Whether you call it “overeating” or “binge eating,” you may be familiar with the experience of eating to the point of physical discomfort. It’s important to realize, however, that “overeating” and “binge eating” are different. Unlike “overeating,” binge eating is a diagnosable eating disorder with specific criteria that involve behaviors known to isolate and harm an individual’s wellbeing. For the purpose of this article, we’re focusing on “overeating,” which is hard to define since any person’s definition of “overeating” may differ drastically from another’s.
Eating past fullness can result from a variety of reasons, and before we discuss how to stop “overeating,” we should first identify why you’re “overeating.”
Intentional Food Restrictions
If coming from a background of low-calorie dieting, then the feeling of “overeating” is your body’s normal biological response as it adjusts to eating an amount of food that it needs for physical and metabolic functioning. “Overeating” can also result from restrictive food rules. If you swear off pizza because you think it’s “bad” or unhealthy, then you’re bound to overeat. This psychological restriction is powerful enough to drive your “overeating.”
Unintentional Food Restrictions
Life happens and we all run into instances when our schedule doesn’t lend for planning ahead. Say for example your rehearsal lasts longer than expected. You may not have planned snacks and thus are likely to “overeat” at your next meal. We may also “overeat” simply because we’re enjoying our food. With the holidays coming up, you’re likely to eat foods that don’t come around often.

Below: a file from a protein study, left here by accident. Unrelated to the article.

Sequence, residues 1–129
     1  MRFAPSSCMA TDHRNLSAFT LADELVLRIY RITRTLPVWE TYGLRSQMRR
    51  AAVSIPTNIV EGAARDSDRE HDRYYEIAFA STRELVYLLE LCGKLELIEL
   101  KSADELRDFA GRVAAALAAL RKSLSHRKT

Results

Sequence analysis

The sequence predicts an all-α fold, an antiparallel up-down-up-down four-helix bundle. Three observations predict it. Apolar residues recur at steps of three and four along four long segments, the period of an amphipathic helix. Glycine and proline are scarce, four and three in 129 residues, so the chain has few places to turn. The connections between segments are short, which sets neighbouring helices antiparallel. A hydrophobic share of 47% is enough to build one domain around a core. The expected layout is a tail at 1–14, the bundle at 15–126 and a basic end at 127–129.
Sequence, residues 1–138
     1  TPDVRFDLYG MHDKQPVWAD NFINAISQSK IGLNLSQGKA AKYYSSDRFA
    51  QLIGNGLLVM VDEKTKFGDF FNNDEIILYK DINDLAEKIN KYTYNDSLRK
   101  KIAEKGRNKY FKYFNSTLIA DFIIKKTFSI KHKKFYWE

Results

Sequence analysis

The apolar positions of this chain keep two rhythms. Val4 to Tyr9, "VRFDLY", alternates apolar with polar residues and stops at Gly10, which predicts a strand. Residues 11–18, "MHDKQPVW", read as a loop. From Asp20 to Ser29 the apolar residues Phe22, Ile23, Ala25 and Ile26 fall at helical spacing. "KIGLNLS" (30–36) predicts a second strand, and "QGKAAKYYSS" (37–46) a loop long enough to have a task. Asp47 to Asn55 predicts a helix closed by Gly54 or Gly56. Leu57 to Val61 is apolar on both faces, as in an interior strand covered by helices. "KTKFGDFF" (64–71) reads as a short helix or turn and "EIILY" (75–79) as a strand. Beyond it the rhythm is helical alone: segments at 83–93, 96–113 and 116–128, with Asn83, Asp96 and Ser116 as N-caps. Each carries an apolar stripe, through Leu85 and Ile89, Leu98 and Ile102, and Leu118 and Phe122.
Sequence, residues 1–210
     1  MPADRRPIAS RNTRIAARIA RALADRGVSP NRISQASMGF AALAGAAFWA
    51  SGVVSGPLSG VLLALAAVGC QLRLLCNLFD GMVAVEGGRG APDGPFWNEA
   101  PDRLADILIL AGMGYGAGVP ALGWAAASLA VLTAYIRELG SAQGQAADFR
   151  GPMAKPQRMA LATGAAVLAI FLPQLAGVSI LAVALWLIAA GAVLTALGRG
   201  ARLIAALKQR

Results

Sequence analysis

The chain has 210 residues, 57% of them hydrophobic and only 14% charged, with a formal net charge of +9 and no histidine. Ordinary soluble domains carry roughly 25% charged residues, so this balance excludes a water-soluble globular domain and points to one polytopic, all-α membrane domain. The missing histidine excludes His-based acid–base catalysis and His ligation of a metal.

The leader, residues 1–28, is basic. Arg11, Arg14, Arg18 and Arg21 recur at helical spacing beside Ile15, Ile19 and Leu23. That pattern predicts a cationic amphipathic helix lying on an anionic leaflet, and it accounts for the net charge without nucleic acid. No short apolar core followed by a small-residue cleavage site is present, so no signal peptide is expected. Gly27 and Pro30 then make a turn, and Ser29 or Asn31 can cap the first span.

Realize that your tendency to “overeat” is a natural response to food restrictions, whether intentional or unintentional. To stop “overeating,” let’s discuss my 3 top tips for initiating behavioral change.
#1: It’s Not About Self-Control… It’s About Self-Care!
Diet culture makes us believe that we’re weak if we “overeat.” We’re taught that “overeating” is just a lack of “willpower.” However, willpower is a temporary form of control that is bound to fail. If you’re drenched in food rules and believe that certain foods are “bad,” then you’ll want to break those food rules. If you’re under-fueling, then prioritize a balanced meal plan. A licensed dietitian can help you create a plan that consists of multiple meals and snacks spaced throughout your classes and rehearsals.
#2: Get Empowered
If you feel physical discomfort from “overeating” and you’ve identified a potential cause, then consider your feelings a sign for change. This does not mean that come tomorrow, you’re “starting over.” It also doesn’t mean that you have to make up for those extra calories with an additional workout. This mindset will only set you vulnerable to that dreaded cycle of “undereating” and “overeating.” Instead, focus on your balanced meal plan, stay hydrated, and keep to your normal routine.
#3: Reflect and Move On
Understanding why you’re “overeating” is the first step to stopping the behavior. Remember, however, that one instance will never make or break your health and if you find yourself “overeating,” then don’t feel upset. Rather, reflect on the experience, outline a plan (maybe this means stocking a few extra snacks in your bag!), and if needed, seek a professional for more help.